Democratic Representative Jim Matheson's Facebook announcement that he was not running for reelection in 2014 was the status update heard 'round the state Tuesday, and immediately had conservatives crowing about finally having a Republican take his seat after a dozen years in office. Matheson may soon be out of the House, but he's also openly hinted at a run for either the Senate or the governor's office, but does he have a shot?
National Republican Congressional Committee Chairman Greg Walden, R-OR, released a statement Tuesday citing Matheson's announcement as an indictment of the President's Affordable Care Act.
“It’s telling that Matheson, who didn’t even vote for ObamaCare’s original passage, knows he can’t run and win in this climate. If it’s this bad for him, imagine how bad 2014 will be for the vast majority of Democrats who actually supported ObamaCare from its start,” Walden says in the statement.
Whether Matheson didn’t want to run in the “Obamacare” climate or was simply wary of challenging Mia Love, the GOP candidate who lost to him in 2012 by less than a thousand votes, is unclear. But whatever the reason, Matheson has an uphill battle for a statewide office in Utah if he were to challenge Gov. Gary Herbert in 2016 or Sen. Mike Lee, R-UT, in that year also.
Uphill or not, he maybe the only Democrat in the state who might actually take one of those seats, and for Quin Monson, associate director of Brigham Young University's Center for the Study of Elections and Democracy, he's got a fighting chance.
“I think he's got a better chance than any other Democrat I can think of, which is both good and bad,” Monson says. “They couldn't get anyone else that has a stronger chance, but I think the odds are slightly against him just because of the numbers of self-identified Republicans versus Democrats is a two to-one, sometimes close to three-to-one, advantage.”
That being said, Matheson's proven he's skilled at attracting moderate Republican voters, Monson says, and thanks to the frequent redistricting that's happened to his political seat -- and him having run in two different districts -- Matheson has already courted many of the state's voters in the past.
“I'd have to guess that at least half the state has been represented by him over time, and maybe higher than that,” Monson says.
Matheson's ability to steal votes from the opposing party has made him a formidable opponent, but Monson says he probably has realized that if he wants to move on in his political career, he ought best to leave the House on a high note to buoy him in his next challenge.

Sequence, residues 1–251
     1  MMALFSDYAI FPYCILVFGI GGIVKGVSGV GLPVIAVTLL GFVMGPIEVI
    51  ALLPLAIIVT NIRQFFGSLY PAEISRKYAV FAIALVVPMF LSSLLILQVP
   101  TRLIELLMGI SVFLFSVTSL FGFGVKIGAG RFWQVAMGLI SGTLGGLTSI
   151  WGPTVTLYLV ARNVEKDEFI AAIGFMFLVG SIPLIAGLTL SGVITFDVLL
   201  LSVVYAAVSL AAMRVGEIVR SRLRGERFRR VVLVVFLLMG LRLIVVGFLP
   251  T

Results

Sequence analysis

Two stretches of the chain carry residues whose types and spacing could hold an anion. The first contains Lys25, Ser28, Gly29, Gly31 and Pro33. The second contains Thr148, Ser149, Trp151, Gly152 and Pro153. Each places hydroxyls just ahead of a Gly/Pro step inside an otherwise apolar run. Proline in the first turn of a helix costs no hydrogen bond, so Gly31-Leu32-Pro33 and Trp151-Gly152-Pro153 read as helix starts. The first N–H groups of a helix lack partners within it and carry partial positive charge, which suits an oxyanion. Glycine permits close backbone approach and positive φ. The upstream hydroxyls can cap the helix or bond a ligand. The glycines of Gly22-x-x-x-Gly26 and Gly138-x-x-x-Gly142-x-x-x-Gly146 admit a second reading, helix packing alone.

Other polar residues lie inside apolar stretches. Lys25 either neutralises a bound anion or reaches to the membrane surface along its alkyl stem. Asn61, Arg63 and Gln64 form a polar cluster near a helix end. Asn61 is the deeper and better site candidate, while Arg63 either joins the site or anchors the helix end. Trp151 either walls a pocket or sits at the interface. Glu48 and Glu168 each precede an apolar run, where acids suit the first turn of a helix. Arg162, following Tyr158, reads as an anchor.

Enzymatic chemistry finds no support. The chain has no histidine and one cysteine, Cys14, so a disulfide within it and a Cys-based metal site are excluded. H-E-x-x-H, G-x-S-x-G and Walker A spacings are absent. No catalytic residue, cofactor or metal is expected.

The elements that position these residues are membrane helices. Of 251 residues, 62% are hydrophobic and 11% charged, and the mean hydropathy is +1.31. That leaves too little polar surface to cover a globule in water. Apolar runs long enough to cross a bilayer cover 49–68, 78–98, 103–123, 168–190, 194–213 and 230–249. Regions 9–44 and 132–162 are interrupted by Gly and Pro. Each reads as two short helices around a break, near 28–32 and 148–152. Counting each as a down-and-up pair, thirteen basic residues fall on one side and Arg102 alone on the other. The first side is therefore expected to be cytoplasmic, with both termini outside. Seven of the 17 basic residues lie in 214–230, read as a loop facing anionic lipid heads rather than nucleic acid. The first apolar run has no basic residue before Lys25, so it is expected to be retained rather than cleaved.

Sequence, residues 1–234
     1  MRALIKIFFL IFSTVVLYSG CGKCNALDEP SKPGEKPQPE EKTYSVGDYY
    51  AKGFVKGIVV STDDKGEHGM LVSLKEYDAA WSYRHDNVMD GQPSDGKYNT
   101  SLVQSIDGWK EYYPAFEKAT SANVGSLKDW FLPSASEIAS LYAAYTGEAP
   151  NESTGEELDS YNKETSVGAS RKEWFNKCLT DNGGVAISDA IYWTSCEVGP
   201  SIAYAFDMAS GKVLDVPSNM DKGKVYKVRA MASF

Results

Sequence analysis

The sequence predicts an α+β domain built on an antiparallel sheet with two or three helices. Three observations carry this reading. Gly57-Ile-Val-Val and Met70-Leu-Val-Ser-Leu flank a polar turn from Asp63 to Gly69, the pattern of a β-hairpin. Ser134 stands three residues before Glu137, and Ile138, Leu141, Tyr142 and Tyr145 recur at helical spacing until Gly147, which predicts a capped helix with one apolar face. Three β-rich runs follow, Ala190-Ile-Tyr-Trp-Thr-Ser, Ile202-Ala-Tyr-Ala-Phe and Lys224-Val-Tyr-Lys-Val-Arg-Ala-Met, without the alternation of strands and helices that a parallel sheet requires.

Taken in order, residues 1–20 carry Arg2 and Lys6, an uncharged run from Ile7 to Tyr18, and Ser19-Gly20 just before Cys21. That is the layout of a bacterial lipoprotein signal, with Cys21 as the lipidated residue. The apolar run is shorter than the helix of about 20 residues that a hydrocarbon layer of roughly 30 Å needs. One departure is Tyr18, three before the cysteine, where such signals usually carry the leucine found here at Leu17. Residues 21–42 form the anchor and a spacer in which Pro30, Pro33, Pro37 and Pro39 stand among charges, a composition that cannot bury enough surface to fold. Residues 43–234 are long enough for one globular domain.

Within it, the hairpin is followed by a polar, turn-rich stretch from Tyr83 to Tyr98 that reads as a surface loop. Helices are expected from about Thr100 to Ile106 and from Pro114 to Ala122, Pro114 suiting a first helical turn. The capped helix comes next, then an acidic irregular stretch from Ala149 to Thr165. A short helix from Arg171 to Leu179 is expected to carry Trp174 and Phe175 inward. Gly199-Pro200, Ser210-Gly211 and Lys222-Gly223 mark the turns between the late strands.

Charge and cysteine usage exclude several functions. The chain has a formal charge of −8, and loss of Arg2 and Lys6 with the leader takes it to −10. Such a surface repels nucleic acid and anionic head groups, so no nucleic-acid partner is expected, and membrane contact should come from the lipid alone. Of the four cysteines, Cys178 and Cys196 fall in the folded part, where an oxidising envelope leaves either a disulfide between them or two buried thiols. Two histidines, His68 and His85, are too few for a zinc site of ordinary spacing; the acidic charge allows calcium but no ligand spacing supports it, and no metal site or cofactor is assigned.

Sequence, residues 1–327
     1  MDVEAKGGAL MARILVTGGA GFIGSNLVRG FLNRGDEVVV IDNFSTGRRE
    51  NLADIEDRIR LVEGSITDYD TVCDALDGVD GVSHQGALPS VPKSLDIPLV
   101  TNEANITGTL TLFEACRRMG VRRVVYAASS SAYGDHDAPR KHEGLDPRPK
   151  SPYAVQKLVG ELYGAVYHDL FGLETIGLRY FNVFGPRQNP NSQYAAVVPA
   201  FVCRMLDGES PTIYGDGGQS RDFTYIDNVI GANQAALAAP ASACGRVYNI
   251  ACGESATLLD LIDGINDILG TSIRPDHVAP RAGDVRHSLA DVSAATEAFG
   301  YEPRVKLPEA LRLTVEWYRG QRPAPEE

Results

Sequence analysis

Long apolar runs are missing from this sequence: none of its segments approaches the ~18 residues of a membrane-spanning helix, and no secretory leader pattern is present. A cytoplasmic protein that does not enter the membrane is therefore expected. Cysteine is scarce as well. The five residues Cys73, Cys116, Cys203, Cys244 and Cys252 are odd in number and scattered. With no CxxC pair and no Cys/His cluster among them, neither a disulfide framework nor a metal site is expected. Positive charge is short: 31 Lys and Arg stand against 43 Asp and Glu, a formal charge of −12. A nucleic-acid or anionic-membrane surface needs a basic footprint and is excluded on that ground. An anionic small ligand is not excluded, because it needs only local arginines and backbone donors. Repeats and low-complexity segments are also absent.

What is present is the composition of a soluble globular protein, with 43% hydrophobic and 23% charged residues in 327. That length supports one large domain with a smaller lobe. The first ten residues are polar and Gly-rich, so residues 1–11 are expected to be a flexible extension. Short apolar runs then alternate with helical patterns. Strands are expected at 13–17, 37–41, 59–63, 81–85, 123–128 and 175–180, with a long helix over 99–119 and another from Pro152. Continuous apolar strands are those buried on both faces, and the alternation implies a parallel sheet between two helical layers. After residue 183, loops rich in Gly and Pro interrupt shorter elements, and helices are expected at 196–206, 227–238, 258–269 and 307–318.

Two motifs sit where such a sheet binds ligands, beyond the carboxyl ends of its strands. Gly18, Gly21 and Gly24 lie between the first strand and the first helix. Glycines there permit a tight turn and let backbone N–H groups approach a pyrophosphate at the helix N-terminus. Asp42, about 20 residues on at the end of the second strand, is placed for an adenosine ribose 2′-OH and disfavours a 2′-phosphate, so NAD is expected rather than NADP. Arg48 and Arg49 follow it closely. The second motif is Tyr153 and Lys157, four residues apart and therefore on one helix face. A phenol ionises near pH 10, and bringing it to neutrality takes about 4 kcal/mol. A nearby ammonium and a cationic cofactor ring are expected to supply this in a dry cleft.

But which office to seek for Utah's most feared Democrat?
For Monson, if it came down to a contest between Sen. Lee and Gov. Herbert, Matheson would do best to challenge the Tea Party patriot Lee, since they would be competing for different voting bases.
“Herbert is more popular among moderate Republicans that Matheson would be going for, whereas Lee is popular among very conservative Republicans who aren't going to vote for Matheson anyways,” Monson says.
For University of Utah political-science professor Matthew Burbank, however, Matheson's bipartisan style would be a better fit for the governor's race.
“The advantage of say a race for Governor, is that it probably would be less expensive--even though its still quite expensive--and I think he would be able to play a little bit more on his independent, problem- solving personality,” Burbank says. “Why go off to the Senate if you're a problem solver, when the Senate can't really seem to solve anything lately.”
Burbank says that another advantage to running for the governor's office is that he won't be a target for outside groups seeking to influence the election in trying to gain control of the senate for Republicans.
Monson says in either race, Matheson has a good chance, considering how well his messaging has helped him fight off Republican challengers since his first election in 2000. So many tough races have made Matheson into a very smart, and very cautious, contender for office.
Matheson's strategic skills are exactly why Monson says it's too soon to say which race Matheson may jump into in the future.
“The answer to that question is whichever race he has the greatest probability of winning,” Monson says. “He's proven to be very smart about his political decisions in the past in terms of choosing the right race.”